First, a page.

Global Project Supplement Fund
NC State Global supports faculty and staff through an annual fund that provides up to $1,000 travel awards to encourage global engagement.
The Global Project Supplement Fund (formerly the International Travel Assistance Fund) encourages and supports faculty or staff international engagement in research, teaching and other scholarly activities. Faculty and staff can request up to $1,000 to use towards either international travel or virtual projects that relate to NC State’s global strategic plan.
Up to ten applicants will be selected for funding throughout the fiscal year. Applications will be evaluated in terms addressing a topic of global significance as well as the articulation of clear and measurable goals with achievable outcomes. Priority will be given to projects that involve two or more of the following:
- collaboration with NC State global strategic partners
- COIL (Collaborative Online International Learning) experiences embedded in courses
- clear alignment with UN Sustainable Development Goals
- participation in diverse geographic regions or involving underrepresented faculty, students, staff or disciplines
The supplemental fund will defray costs associated with project expenses or travel for academic purposes including, but not limited to: research collaboration, partnership development, study abroad program development, international collaboration on virtual/online course development or other scholarly activities.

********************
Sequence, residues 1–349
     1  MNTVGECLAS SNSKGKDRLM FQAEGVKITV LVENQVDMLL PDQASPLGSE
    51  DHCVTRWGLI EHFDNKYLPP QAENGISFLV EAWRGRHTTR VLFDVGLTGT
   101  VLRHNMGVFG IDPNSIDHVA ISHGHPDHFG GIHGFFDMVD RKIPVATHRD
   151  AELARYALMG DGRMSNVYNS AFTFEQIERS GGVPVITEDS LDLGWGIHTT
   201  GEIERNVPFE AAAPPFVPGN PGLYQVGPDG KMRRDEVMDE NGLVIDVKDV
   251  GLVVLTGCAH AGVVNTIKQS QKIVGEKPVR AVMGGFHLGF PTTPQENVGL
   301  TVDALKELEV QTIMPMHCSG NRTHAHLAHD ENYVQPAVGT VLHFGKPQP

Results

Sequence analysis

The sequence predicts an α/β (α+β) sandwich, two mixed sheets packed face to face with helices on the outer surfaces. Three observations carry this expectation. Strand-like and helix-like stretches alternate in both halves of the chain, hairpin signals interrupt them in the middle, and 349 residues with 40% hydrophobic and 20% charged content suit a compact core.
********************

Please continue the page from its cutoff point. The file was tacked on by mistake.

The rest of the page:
- All full-time, permanent NC State employees are eligible to apply for funding.
- Project Supplement funds are not intended to support individual conference attendance, but rather are intended for enhancing partnership development and other sustainable models of engagement. Exceptions may be granted if conference attendance occurs in conjunction with additional global engagement activities.
- Fall deadline: October 15
- Spring deadline: March 15
- Application deadline: 5:00 pm on each listed deadline (see application cycle above)
- Late submissions will not be considered.
- Questions can be directed to firstname.lastname@example.org
Criteria for submission and evaluation
This project seeks to address a research problem of global significance. The degree to which the proposed activities addresses a challenge of global importance (which relates directly to at least one of the UN Sustainable Development Goals) and demonstrates innovative, interdisciplinary and sustainable collaboration will be considered in the evaluation.
The proposal clearly articulates measurable goals, objectives and activities that are feasible and align with the purpose of the funding. The proposal should include a clearly articulated and justified budget. Proposals that engage NC State global partners will be prioritized.
The project focuses on the achievement of concrete outcomes and results. Recipients of funds will be expected to complete a brief assessment form detailing the use of funds within one month of completing their activity.